A better test for the notion of critical periods for language is found in studies of children with hearing loss. Several studies show that the earlier children are diagnosed with hearing impairment and receive treatment, the better the child’s long-term language development. For instance, Stika et al. (2015) reported that when children’s hearing loss was identified during newborn screening, and subsequently addressed, the majority showed normal language development when later tested at 12-18 months. Fitzpatrick, Crawford, Ni, and Durieux-Smith (2011) reported that early language intervention in children who were moderately to severely hard of hearing, demonstrated normal outcomes in language proficiency by 4 to 5 years of age. Tomblin et al. (2015) reported that children who were fit with hearing aids by 6 months of age showed good levels of language development by age 2. Those whose hearing was not corrected until after 18 months showed lower language performance, even in the early preschool years. However, this study did reveal that those whose hearing was corrected by toddlerhood had greatly improved language skills by age 6. The research with hearing impaired children reveals that this critical period for language development is not exclusive to infancy, and that the brain is still receptive to language development in early childhood. Fortunately, it is has become routine to screen hearing in newborns, because when hearing loss is not treated early, it can delay spoken language, literacy, and impact children’s social skills (Moeller & Tomblin, 2015). 

Figure 3.30. B.F. Skinner

Learning theory. Perhaps the most straightforward explanation of language development is that it occurs through the principles of learning, including association and reinforcement (Skinner, 1953). Additionally, Bandura (1977) described the importance of observation and imitation of others in learning language. There must be at least some truth to the idea that language is learned through environmental interactions or nurture. Children learn the language that they hear spoken around them rather than some other language. Also supporting this idea is the gradual improvement in language skills over time. It seems that children modify their language through imitation and reinforcement, such as parental praise and being understood. For example, when a two-year-old child asks for juice, he might say, “me juice,” to which his mother might respond by giving him a cup of apple juice. However, language cannot be entirely learned. For one, children learn words too fast for them to be learned through reinforcement. Between the ages of 18 months and 5 years, children learn up to 10 new words every day (Anglin, 1993). More importantly, language is more generative than it is imitative. Language is not a predefined set of ideas and sentences that we choose when we need them, but rather a system of rules and procedures that allows us to create an infinite number of statements, thoughts, and ideas, including those that have never previously occurred. When a child says that she “swimmed” in the pool, for instance, she is showing generativity. No adult speaker of English would ever say “swimmed,” yet it is easily generated from the normal system of producing language.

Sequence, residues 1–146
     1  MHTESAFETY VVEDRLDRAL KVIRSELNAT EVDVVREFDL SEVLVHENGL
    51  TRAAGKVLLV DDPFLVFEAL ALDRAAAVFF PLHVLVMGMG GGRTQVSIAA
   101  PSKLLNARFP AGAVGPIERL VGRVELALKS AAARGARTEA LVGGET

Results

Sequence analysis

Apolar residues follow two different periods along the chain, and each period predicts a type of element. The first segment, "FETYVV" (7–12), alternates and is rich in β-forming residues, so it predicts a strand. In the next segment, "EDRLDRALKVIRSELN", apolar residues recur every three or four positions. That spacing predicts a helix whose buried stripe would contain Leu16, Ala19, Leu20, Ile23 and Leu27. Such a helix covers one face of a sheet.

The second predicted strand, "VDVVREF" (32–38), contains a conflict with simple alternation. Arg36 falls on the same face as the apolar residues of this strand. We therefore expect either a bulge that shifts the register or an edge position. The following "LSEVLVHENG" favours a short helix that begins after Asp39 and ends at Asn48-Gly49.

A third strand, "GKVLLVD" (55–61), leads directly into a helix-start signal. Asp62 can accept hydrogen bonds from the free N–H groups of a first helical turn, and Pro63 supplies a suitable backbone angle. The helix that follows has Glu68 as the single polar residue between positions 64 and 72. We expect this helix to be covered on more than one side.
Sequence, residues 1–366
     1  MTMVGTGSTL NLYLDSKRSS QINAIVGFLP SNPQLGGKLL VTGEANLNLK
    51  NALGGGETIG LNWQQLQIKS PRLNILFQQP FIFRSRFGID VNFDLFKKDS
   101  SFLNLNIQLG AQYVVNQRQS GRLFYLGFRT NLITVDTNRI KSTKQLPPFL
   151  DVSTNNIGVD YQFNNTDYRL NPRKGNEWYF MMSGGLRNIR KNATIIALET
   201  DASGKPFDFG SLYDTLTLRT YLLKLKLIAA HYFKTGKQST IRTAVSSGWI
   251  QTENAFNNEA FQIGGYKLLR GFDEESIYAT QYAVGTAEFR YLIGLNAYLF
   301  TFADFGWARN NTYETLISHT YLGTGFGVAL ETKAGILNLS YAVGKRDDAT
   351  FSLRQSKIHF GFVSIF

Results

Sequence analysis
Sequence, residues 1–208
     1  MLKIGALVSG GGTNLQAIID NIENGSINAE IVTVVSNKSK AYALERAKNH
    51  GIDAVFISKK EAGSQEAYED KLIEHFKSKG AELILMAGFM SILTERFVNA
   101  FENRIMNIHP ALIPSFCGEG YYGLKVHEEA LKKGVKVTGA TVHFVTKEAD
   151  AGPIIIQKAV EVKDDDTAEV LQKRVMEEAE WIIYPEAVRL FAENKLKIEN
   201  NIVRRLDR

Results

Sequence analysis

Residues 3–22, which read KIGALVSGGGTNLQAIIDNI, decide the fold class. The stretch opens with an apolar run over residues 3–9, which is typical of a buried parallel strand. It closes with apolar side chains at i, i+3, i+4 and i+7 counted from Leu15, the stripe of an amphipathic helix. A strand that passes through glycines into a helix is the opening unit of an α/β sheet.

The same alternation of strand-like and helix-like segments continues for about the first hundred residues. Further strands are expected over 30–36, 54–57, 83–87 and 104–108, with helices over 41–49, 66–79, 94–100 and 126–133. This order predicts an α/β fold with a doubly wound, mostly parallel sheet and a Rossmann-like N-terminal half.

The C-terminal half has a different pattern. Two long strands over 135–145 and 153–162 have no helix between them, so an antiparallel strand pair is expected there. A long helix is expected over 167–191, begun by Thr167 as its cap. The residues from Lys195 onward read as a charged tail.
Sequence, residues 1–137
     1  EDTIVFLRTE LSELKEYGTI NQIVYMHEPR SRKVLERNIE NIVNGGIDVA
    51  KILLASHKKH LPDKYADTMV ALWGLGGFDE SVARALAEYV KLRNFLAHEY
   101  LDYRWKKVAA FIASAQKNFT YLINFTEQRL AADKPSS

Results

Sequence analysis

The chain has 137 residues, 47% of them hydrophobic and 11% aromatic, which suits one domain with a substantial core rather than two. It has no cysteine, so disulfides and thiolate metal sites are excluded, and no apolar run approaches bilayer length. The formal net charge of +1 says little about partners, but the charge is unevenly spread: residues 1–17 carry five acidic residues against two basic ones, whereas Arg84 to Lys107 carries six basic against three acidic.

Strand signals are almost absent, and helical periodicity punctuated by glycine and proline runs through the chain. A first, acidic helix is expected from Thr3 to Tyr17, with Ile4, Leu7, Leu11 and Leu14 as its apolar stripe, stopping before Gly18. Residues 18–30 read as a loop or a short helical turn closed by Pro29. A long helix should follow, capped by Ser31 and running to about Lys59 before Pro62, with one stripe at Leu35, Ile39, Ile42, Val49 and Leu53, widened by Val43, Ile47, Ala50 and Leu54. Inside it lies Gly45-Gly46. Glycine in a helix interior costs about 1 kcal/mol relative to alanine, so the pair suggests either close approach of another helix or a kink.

Figure 3.31. Albert Bandura

Other evidence that refutes the idea that all language is learned through experience comes from the observation that children may learn languages better than they ever hear them. Deaf children whose parents do not communicate using ASL very well nevertheless are able to learn it perfectly on their own and may even make up their own language if they need to (Goldin-Meadow & Mylander, 1998). A group of deaf children in a school in Nicaragua, whose teachers could not sign, invented a way to communicate through made-up signs (Senghas, Senghas, & Pyers, 2005). The development of this new Nicaraguan Sign Language has continued and changed as new generations of students have come to the school and started using the language. Although the original system was not a real language, it is becoming closer and closer every year, showing the development of a new language in modern times. 

Social pragmatics. Another view emphasizes the very social nature of human language. Language from this view is not only a cognitive skill, but also a social one. Language is a tool humans use to communicate, connect to, influence, and inform others. Most of all, language comes out of a need to cooperate. The social nature of language has been demonstrated by a number of studies showing that children use several pre-linguistic skills (such as pointing and other gestures) to communicate not only their own needs, but what others may need. So, a child watching her mother search for an object may point to the object to help her mother find it. Eighteen-month to 30-month-olds have been shown to make linguistic repairs when it is clear that another person does not understand them (Grosse, Behne, Carpenter & Tomasello, 2010). Grosse et al. (2010) found that even when the child was given the desired object, if there had been any misunderstanding along the way (such as a delay in being handed the object, or the experimenter calling the object by the wrong name), children will make linguistic repairs. This would suggest that children are using language not only as a means of achieving some material goal, but also to make themselves understood in the mind of another person. 


Supplemental Materials

Optional Reading: The Brain in the First Two Years